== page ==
Six Reasons to Weight Train
Thirty years ago the phrase
“weight training” caused one to conjure up images of a few unusual young men
inflicting various methods of self-torture upon themselves. The elderly were told they would have a
heart attack if they pursued such an endeavor, not to mention the confused,
non-understanding looks they would have to endure at the mention of such a
As 2004 arrives on the
calendar the benefits of weight training are being touted not only for
athletes, but also (possibly most importantly) for America’s aging
population. Researchers are telling us
that the practice of weight training possesses the power to drastically lower
the incidence of the greatest causes of death and suffering in this country.
Here are 6 reasons why you
can’t afford not to weight train:
- Heart Disease: A study appearing in the Journal
of the American Medical Association showed that men who weight
train for at least 30 minutes per week have a 23% reduction in coronary
artery disease, which is the most common type of heart disease.[i] Another study found that men who
exercise for at least 2 hours per week have a 60% lower risk of
having a heart attack! [ii]
- Depression and Mood: Strength training has been shown to alleviate depression and
anxiety to an extent comparable to drug therapy, but without the side
[iv] Strength training is a potent stimulus
for the release of mood elevating hormones. It regulates our body chemistry, gets our energy moving, and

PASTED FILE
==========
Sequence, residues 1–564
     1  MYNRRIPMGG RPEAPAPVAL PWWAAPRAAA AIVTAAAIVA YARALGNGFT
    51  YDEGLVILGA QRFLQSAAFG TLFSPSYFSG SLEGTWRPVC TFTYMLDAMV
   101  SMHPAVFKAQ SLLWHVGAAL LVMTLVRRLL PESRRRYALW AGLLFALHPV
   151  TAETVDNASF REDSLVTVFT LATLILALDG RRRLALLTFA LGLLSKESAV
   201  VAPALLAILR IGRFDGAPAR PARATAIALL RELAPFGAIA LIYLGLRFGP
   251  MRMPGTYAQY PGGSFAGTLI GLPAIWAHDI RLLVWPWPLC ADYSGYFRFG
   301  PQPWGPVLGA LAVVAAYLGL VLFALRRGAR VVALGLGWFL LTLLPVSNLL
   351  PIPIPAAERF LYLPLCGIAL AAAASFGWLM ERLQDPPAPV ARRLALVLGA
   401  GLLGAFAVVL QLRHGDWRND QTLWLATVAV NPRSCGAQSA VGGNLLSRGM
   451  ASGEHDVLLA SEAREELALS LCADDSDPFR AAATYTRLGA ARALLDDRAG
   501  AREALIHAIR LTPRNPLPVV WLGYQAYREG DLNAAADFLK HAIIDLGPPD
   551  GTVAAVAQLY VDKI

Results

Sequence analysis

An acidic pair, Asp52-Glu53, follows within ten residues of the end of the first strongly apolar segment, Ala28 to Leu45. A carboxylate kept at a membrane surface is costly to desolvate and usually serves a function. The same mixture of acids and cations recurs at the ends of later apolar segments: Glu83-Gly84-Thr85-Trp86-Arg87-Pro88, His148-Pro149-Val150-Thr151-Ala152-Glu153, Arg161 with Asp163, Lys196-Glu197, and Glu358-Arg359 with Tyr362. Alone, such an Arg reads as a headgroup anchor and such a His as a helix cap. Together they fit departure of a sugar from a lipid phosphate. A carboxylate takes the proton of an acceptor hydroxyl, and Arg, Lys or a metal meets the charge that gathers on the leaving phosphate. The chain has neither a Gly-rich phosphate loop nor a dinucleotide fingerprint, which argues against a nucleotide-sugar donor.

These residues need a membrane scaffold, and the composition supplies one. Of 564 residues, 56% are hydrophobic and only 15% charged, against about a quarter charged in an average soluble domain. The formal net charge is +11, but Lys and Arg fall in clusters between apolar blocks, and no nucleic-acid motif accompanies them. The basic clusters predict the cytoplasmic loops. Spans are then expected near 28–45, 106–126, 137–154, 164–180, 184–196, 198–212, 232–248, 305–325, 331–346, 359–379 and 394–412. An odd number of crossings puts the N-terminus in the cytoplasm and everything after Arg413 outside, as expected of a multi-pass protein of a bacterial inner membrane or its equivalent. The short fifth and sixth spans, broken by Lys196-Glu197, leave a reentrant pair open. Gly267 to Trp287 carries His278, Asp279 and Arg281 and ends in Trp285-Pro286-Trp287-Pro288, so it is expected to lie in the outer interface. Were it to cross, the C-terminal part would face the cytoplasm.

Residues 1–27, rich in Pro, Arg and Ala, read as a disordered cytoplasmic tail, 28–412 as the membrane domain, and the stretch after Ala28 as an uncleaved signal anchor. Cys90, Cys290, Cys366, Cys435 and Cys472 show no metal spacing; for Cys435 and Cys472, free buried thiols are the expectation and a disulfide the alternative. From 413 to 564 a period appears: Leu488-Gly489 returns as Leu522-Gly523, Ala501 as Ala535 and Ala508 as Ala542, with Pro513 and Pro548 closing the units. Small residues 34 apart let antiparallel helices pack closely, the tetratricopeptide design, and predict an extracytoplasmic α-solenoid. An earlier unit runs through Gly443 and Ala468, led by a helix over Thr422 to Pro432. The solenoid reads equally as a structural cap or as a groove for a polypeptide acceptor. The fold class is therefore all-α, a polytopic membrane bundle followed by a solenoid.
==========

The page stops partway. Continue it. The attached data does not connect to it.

contributes to a positive body image.
Chronic aches and pains are alleviated and we feel strong,
competent, and able.
- Arthritis: A recent study on people
with arthritis of the knee found that strength training led to a 43%
decrease in pain and a 44% increase in function.[v] Other
studies have demonstrated similar findings.[vi] Muscles support joints and guide their
movements. This cushioning and
guidance also protects healthy joints from developing arthritis. People with painful arthritis often
fear that weight training will further damage their joints. The truth is that exercise should be a
first line of treatment.
- Type 2 Diabetes: Muscles
are the main storehouse of glucose in the body. The muscle loss often associated with aging means that not
as much glucose can be stored.
This can cause blood glucose levels to become chronically elevated
resulting in type 2 diabetes. Research
done in individuals with type 2 diabetes has shown that weight training
alone leads to better glucose control and less need for medication.[vii]
addition, weight training is an excellent long-term method of weight
control, and obesity is a major risk factor for type 2 diabetes. Ten pounds of muscle burns 300-500
calories per day at rest!
5. Osteoporosis: Bones grow according to the stresses we
place upon them. During weight training
the bones are stressed both by the weights used and by the pulling of the
muscles. Normally we see a decline in
bone density after menopause, but individuals who participate in regular
strength training can actually increase their bone density.[ix] The gains made in bone density are only
slightly less than those seen with hormone replacement therapy, but without the
side effects of increased rates of cancer, heart disease, stroke, and
- Independent Living: One of
the greatest predictors of independent living is muscle strength. This means that the stronger you are,